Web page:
As my friends and I discuss all this, we pass around the jar of whole dried locusts. We notice the bugs have a distinctly funky smell, sort of like fish food. Nehama is first, boldly plucking a locust out of the jar, peeling off the wings, and popping them into her mouth. “Kind of like potato chips,” she says, munching thoughtfully before eating the body and finally the head. “Yeah, not bad!” But reactions are mixed—“The shapes are disconcerting, the smells are also a little disconcerting,” says a frowning Jonny. When it’s my turn, I opt to eat the head first. It’s remarkably crunchy. There’s a strong aftertaste no one can quite put their finger on. Truffle oil? Grass? Sesame? Yeast? We settle on “dried mushroom.”
After my friends leave, I put the jar on my spice rack, mostly as a joke. But less than a week later, while my partner and I were making dinner, we realized we needed protein for the meal.
Surprising ourselves, we reached for the jar of locusts, crumbled up a few, and mixed them into our stir-fry. The result? Not bad!
Opening image: Chef Joseph Yoon
MOSHE BASSON’S CRISP LOCUSTS
8 cups vegetable stock, add turmeric to taste
4 tablespoons flour
– olive oil for frying
3/4 teaspoon salt
– pepper, chilli powder, ground
– coriander and dried garlic granules to taste
1. Throw the locusts in the boiling stock, whole. Cook for about 3 minutes.
2. Drain the locusts and let them cool.
3. Twist off their heads: this will also pull out the black, threadlike viscera.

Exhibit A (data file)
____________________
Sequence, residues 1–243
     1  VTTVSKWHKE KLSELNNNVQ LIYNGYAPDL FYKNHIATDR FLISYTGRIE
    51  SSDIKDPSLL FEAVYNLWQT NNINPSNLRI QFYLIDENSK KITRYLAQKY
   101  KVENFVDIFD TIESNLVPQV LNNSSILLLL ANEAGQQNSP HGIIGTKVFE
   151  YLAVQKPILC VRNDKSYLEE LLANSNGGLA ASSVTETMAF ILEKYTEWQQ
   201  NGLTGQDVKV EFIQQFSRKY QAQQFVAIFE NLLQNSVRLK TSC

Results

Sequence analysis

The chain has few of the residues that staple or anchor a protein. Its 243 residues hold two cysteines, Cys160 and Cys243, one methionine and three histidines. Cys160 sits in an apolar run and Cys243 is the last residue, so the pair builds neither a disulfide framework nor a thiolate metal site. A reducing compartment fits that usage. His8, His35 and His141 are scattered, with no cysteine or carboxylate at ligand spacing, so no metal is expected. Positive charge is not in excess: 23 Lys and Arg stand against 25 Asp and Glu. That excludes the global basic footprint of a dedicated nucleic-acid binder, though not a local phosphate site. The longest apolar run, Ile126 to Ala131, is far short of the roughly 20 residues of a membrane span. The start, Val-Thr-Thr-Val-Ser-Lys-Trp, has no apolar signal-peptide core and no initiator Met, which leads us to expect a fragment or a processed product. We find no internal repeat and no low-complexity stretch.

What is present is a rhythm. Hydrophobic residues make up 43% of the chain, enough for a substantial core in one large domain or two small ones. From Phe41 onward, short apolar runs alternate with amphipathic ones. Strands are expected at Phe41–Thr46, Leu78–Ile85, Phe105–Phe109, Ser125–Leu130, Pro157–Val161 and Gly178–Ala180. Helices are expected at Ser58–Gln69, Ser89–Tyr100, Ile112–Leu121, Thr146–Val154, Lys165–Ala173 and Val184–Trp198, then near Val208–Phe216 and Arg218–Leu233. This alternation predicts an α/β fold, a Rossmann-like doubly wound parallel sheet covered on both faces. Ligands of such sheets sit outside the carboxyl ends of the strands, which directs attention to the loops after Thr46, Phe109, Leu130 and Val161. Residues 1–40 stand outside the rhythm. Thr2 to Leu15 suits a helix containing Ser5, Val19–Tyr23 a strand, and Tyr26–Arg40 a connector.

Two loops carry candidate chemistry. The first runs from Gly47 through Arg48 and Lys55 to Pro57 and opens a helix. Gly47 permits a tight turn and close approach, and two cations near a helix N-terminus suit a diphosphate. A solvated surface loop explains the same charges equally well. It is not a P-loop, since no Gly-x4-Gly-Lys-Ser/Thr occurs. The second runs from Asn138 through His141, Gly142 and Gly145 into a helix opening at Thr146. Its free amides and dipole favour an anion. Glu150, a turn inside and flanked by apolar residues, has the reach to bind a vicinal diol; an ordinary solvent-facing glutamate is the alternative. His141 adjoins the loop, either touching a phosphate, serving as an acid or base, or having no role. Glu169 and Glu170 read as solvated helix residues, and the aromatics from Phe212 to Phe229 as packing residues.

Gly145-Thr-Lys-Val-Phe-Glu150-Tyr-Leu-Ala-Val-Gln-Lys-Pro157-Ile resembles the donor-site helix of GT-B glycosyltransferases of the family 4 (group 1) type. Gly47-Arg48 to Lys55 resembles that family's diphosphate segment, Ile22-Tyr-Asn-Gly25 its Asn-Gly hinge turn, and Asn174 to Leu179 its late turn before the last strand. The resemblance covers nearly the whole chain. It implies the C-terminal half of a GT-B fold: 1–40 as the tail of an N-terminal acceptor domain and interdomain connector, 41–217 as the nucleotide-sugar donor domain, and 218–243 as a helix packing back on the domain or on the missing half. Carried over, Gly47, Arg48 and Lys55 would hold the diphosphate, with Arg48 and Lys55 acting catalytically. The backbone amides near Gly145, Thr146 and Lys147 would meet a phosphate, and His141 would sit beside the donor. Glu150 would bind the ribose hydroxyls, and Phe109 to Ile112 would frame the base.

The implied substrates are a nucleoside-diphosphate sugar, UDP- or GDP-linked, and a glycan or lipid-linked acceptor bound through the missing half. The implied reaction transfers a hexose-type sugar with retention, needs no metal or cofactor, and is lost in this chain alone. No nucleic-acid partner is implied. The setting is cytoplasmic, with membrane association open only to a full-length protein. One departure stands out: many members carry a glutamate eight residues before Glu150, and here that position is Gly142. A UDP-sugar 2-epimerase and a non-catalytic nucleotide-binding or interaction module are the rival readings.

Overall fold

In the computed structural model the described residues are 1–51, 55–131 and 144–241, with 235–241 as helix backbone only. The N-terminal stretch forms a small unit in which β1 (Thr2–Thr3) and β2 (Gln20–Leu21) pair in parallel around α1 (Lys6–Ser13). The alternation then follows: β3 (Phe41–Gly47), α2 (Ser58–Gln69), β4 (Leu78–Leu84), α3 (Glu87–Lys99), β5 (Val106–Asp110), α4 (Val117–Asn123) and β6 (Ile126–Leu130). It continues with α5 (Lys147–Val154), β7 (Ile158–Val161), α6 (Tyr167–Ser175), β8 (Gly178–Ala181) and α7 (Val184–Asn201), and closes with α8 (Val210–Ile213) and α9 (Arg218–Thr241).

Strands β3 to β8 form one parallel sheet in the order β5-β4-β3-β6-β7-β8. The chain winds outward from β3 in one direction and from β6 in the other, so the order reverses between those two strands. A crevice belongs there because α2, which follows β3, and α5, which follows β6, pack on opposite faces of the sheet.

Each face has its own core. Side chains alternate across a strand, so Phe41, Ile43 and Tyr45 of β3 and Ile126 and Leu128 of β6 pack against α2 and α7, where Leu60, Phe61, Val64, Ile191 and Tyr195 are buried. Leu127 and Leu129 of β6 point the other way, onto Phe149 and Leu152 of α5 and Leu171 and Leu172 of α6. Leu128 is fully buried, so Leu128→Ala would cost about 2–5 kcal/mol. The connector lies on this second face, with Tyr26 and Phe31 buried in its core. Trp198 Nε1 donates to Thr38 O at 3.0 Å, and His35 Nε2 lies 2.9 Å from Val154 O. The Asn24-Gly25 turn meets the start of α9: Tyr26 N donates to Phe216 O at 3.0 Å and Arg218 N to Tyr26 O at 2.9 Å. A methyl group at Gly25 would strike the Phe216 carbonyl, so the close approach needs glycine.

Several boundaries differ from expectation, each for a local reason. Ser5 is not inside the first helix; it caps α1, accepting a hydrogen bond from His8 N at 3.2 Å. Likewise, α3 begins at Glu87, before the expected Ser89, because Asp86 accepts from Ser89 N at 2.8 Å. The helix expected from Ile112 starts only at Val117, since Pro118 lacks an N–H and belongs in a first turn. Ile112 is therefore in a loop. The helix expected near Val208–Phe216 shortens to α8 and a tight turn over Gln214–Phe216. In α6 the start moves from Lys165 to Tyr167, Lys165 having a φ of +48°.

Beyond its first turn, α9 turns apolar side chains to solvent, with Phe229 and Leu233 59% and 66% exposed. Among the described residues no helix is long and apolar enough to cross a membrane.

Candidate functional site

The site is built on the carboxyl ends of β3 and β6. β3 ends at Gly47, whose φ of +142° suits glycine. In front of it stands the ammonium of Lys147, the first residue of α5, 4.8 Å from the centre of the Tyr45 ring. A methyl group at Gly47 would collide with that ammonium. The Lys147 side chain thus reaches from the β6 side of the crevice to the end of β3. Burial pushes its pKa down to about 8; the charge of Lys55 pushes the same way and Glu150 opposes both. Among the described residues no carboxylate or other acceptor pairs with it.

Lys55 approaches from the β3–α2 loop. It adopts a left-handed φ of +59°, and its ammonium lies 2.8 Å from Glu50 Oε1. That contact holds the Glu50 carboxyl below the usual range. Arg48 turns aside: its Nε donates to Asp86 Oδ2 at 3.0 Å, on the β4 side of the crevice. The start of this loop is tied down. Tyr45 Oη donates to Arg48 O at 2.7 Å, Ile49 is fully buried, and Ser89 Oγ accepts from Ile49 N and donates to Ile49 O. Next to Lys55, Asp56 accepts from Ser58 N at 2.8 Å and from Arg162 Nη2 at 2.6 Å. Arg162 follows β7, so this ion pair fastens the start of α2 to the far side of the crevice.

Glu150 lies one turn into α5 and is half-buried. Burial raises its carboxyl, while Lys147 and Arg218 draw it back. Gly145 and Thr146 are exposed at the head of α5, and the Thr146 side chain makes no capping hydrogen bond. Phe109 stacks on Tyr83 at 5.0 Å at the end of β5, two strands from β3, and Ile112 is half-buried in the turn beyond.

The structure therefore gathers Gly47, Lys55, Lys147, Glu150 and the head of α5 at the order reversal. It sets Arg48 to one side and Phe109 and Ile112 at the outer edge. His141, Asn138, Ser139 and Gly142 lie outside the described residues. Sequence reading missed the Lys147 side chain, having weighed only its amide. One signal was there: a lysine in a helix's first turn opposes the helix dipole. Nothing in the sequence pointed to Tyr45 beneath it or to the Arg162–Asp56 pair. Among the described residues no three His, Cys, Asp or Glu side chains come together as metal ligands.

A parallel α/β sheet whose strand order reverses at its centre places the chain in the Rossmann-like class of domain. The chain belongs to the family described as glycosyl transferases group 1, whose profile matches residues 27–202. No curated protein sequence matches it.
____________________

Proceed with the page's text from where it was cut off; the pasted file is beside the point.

4. Remove the wings and small legs.
5. Make a seasoned flour with salt, pepper, chili powder, ground coriander and dried garlic granules.
6. Roll the pre-cooked locusts in a beaten whole egg, then roll them in the seasoned flour. Shake off excess flour.
7. Fry in olive oil for 1 to 2 minutes until the color turns golden brown.
Go to momentmag.com/locusts for more recipes.
ANNABELLE’S LOCUST SURPRISE
A Vegetable Garlic Stir-Fry with Crumbled Dried Locusts
1.5 cup brown rice
3 cups water
2 tbsp olive oil
1 bunch broccolini, washed and cut into bite-sized pieces
3 large carrots, peeled and thinly sliced diagonally
3-4 garlic cloves, minced
5 dried locusts, finely crumbled
1/4 cup soy sauce or tamari (adjust to taste)
2 tbsp fish sauce
1 tbsp garlic chili paste (adjust to taste)
1 tbsp sesame oil
1 tbsp brown sugar (optional)
Salt and pepper to taste
Fresh basil leaves for garnish
Prepare brown rice:
Rinse the brown rice under cold water until the water runs clear.
In a medium-sized pot, bring 3 cups of water to a boil. Add the rinsed rice and a pinch of salt.
Reduce the heat to low, cover, and let it simmer for about 40-45 minutes, or until the rice is tender and the water is absorbed.
Remove from heat and let it sit for 5 minutes, then fluff with a fork.
Prepare the sauce:
Combine all ingredients for sauce in a small bowl and whisk together
Prepare the Stir-Fry:
In a large wok or frying pan, heat the oil over medium-high heat.
Add the minced garlic and sauté for about 30 seconds, or until fragrant.
Add the sliced carrots to the pan and stir-fry for 2-3 minutes.
Add the broccolini to the pan and continue to stir-fry for another 3-4 minutes, or until the vegetables are tender but still have a bit of crunch.
Sprinkle the dried locusts over the vegetables and stir well to combine.
Stir in the sauce and season with salt and pepper to taste.
Plate the brown rice in serving bowls. Spoon stir-fry over the rice. Garnish with fresh basil leaves. Serve immediately and enjoy!
Top image: A locust soup. Photograph by Brooklyn Bugs.